According to Russian government 
statistics, Russia had 37.3 million people over the government pension age, 60 for women and 65 for men (approximately 25 percent of the population) as of January 2020, up from 20.4 percent increase in 2005. The percentage of older people is expected to continue growing in the coming years.

The Russian government spends significantly less for home-based support services than for institutional living costs: according to government statistics, average spending per person in a nursing home is 35,000 rubles (approximately US$472) a month and 34,095 rubles (US$460) in a psychoneurological institution (PNI), compared with an average of 5,889 rubles (US$79) for home-based services.

More than 278,000 people live in state-run residential institutions for older people and people with disabilities in Russia, but there is no publicly available government data on how many of them are older people. Journalists and advocates have reported extensively on the abuses in these institutions, including inappropriate use of psychotropic medication to control behavior, inadequate medical care, and denial of legal capacity.

The Russian government is collaborating with non-profit organizations to improve and expand the delivery of home-based services in pilot programs in 24 regions, with the goal of eventually expanding those reforms throughout the country. The federal government has allocated 1.8 billion rubles (US$24.8 million) from the federal budget for this and related initiatives each year from 2021 to 2023. Human Rights Watch did not assess the effectiveness of the pilot projects.

However, advocates said that the reform’s success in any given region still largely depends on the financial commitments and interest of regional governments, which means the availability of services varies across regions, sometimes significantly. They also said that longer-term federal funding and legislative reform were crucial to making reforms sustainable.

The Russian Constitution and national laws guarantee the right to health and social security to secure conditions for a dignified life. Russia also has obligations under international law to ensure the rights to an adequate standard of living and to physical and mental health. It should also protect the right of people with disabilities, including older people with disabilities, to live independently in the community with support.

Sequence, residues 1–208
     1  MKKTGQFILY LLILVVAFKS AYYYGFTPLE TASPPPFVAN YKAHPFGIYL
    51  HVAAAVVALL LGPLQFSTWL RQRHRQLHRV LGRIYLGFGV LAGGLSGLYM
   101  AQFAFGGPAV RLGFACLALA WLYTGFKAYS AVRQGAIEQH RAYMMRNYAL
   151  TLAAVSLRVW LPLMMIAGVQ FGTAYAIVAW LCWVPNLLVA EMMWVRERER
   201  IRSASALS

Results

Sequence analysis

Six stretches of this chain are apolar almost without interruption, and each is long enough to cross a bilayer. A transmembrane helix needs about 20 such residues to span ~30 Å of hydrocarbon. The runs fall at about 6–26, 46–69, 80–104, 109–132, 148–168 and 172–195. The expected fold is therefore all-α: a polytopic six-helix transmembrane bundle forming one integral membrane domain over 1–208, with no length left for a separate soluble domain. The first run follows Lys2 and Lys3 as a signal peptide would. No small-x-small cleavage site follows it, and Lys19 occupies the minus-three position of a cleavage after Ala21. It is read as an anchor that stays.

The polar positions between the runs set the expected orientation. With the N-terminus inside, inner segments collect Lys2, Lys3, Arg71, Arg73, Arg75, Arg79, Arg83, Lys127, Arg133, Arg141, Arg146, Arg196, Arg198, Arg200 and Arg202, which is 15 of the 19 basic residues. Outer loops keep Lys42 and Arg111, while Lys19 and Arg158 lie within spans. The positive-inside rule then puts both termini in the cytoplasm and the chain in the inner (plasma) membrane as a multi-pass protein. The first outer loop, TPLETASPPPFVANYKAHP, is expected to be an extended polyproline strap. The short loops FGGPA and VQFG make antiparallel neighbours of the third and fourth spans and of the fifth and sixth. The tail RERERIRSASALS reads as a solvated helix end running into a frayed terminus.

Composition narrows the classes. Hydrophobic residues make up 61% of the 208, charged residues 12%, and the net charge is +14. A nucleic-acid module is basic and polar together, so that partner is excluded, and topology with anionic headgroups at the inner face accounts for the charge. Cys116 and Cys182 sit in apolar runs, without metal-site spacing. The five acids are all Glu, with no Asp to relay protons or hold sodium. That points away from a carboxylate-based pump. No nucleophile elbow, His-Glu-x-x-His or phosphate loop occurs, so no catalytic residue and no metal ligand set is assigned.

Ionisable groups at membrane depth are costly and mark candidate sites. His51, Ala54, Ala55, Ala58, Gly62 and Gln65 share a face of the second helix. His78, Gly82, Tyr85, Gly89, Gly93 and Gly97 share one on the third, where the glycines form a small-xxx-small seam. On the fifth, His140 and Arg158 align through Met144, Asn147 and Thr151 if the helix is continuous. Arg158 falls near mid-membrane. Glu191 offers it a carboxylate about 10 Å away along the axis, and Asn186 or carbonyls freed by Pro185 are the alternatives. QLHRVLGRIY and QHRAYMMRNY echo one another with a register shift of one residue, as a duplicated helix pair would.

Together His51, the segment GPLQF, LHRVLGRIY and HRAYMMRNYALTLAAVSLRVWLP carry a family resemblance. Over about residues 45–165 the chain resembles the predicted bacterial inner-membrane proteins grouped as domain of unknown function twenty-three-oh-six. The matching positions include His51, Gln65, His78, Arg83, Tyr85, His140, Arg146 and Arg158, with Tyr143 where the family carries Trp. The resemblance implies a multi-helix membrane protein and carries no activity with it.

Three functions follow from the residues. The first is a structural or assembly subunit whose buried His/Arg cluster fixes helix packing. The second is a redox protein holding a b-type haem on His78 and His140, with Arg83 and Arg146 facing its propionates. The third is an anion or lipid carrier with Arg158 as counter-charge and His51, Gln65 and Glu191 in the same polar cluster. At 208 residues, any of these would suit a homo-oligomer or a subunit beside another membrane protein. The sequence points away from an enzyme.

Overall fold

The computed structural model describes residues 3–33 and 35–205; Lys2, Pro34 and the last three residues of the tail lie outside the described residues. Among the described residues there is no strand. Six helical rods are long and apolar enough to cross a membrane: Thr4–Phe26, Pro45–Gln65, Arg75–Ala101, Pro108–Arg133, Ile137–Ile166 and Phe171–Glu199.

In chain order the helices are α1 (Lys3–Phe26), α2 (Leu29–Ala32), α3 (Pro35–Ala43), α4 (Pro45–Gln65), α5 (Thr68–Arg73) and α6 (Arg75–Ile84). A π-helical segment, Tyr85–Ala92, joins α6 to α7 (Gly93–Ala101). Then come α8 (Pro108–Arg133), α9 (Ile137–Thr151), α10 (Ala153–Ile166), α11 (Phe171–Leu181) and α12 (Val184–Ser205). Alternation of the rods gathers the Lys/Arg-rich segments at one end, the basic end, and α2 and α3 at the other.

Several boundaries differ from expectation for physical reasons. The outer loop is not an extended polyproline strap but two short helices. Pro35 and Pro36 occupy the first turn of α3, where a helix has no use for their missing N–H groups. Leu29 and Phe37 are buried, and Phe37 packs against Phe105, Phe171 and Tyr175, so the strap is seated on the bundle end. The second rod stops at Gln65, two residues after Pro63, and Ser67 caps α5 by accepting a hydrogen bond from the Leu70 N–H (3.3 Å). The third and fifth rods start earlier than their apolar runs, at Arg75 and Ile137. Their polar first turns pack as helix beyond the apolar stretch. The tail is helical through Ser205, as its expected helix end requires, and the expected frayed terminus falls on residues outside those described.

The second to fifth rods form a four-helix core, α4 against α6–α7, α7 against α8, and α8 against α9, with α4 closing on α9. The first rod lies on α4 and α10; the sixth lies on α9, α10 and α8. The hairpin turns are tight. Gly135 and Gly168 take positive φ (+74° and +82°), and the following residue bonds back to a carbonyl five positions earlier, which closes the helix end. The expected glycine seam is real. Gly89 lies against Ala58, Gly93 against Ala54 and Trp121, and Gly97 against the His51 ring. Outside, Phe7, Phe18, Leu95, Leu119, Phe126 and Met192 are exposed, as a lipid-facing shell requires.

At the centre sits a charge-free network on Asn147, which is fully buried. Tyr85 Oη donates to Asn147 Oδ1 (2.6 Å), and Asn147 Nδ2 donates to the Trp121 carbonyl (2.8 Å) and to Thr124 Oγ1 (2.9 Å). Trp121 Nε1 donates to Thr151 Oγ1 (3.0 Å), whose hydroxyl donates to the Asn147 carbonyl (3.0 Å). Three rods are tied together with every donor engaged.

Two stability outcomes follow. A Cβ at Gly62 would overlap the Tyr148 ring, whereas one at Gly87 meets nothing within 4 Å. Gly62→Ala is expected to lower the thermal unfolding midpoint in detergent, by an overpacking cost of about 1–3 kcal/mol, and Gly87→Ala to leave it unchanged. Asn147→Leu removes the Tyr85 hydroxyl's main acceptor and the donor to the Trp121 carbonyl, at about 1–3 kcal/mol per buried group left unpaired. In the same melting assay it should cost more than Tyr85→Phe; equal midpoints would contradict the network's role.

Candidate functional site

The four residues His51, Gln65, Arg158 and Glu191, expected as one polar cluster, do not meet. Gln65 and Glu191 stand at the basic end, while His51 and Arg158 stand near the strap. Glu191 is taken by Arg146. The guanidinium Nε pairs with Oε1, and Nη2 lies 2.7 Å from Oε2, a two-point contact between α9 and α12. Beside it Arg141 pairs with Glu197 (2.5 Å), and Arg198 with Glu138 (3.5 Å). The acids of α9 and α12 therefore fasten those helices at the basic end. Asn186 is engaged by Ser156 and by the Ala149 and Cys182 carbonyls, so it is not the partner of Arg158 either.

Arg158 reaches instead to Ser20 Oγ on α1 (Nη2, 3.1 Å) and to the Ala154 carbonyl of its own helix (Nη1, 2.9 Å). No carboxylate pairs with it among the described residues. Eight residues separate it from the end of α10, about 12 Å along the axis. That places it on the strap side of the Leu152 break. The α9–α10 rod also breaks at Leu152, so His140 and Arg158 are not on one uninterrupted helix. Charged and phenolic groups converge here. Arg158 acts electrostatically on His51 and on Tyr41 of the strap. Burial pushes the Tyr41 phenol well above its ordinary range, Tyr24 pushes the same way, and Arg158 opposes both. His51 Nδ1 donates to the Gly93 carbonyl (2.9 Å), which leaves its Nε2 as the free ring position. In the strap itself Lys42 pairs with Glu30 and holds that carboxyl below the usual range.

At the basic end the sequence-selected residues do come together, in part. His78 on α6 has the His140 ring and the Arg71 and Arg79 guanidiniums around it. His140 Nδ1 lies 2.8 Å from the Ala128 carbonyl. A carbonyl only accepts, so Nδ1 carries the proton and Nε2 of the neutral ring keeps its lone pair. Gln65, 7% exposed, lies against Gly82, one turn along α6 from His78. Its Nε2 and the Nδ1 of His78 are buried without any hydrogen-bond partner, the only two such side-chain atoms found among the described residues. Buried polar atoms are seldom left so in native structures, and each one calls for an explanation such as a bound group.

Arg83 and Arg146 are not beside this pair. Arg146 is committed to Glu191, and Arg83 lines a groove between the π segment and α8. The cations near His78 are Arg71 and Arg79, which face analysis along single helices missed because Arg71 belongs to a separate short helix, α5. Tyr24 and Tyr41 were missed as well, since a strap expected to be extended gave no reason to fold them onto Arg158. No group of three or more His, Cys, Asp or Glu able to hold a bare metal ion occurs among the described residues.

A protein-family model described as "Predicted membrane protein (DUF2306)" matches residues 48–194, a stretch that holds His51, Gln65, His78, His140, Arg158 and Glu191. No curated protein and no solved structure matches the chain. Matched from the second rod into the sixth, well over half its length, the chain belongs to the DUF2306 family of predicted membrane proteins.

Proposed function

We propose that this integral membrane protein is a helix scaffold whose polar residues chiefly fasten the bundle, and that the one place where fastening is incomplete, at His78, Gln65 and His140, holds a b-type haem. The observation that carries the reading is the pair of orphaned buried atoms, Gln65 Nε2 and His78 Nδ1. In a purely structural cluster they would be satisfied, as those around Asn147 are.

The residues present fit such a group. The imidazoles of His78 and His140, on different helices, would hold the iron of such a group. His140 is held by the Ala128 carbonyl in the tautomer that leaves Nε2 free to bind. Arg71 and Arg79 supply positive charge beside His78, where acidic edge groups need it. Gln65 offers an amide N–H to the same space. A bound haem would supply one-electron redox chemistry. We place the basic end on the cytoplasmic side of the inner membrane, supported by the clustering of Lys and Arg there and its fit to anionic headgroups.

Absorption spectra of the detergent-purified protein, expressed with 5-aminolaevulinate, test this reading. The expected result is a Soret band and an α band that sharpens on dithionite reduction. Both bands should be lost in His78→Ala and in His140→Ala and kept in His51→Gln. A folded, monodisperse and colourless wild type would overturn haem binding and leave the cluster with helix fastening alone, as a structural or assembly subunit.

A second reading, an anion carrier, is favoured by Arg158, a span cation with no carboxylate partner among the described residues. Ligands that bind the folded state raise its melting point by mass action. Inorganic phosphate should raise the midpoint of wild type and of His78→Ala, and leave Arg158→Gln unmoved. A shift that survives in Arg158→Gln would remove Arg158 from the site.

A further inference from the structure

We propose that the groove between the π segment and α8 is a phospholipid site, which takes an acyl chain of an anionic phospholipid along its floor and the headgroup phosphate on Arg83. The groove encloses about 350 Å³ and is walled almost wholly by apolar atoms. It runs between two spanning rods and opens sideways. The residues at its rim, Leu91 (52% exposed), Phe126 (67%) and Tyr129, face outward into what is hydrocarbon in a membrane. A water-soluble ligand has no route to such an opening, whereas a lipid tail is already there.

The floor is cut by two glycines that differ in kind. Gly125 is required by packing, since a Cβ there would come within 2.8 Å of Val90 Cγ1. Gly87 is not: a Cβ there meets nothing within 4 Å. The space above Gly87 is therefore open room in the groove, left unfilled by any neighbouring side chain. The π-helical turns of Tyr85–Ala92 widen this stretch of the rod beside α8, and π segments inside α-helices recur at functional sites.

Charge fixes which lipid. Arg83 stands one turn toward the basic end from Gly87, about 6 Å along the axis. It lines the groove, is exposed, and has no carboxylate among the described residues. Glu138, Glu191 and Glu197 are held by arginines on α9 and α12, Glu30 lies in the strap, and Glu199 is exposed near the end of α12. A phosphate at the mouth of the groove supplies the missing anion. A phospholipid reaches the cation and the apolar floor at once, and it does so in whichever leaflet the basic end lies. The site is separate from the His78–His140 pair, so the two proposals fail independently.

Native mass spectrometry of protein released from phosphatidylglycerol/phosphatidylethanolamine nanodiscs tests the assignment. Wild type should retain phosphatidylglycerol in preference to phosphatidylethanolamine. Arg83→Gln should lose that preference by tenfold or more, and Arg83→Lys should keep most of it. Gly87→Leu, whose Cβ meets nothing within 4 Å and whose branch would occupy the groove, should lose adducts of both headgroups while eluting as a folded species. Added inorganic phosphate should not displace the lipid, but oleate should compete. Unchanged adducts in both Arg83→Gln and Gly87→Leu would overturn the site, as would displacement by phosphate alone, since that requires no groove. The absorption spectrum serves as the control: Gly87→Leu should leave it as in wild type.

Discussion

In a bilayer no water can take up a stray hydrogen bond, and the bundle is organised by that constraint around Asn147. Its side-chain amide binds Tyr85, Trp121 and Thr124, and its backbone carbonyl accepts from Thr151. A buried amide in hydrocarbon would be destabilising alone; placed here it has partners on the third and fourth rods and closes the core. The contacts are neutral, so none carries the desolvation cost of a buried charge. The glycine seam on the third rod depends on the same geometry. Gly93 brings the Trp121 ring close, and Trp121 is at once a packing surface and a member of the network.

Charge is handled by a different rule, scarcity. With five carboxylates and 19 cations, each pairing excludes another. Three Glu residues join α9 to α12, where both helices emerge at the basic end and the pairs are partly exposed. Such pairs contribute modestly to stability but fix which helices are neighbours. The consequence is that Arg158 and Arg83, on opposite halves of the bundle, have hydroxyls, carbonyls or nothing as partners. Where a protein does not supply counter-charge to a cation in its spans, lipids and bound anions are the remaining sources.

The Russian government should ensure that all older people receive the support they need to live at home, if that is their choice, with dignity and autonomy. It should ensure that regional governments have sufficient funds to provide adequate support services on a long-term basis and improve and standardize training of social workers and other service providers where needed.

Federal and regional governments should improve and expand the types and availability of social services provided to older people and take measures necessary to ensure that sufficient numbers of social workers are available to provide support services for as much time as required. The government should also require service providers to do more outreach to older people to inform them about available services to ensure that those most in need of support can get them.

“Russia has taken important steps toward improving home-based support for older people, but there is a risk that those reforms will exist only on paper if they are not accompanied by better financing and more regulatory reform,” Buchanan said. “The Russian government should increase funding for reform efforts and ensure that older people can fully enjoy their right to live at home with dignity.”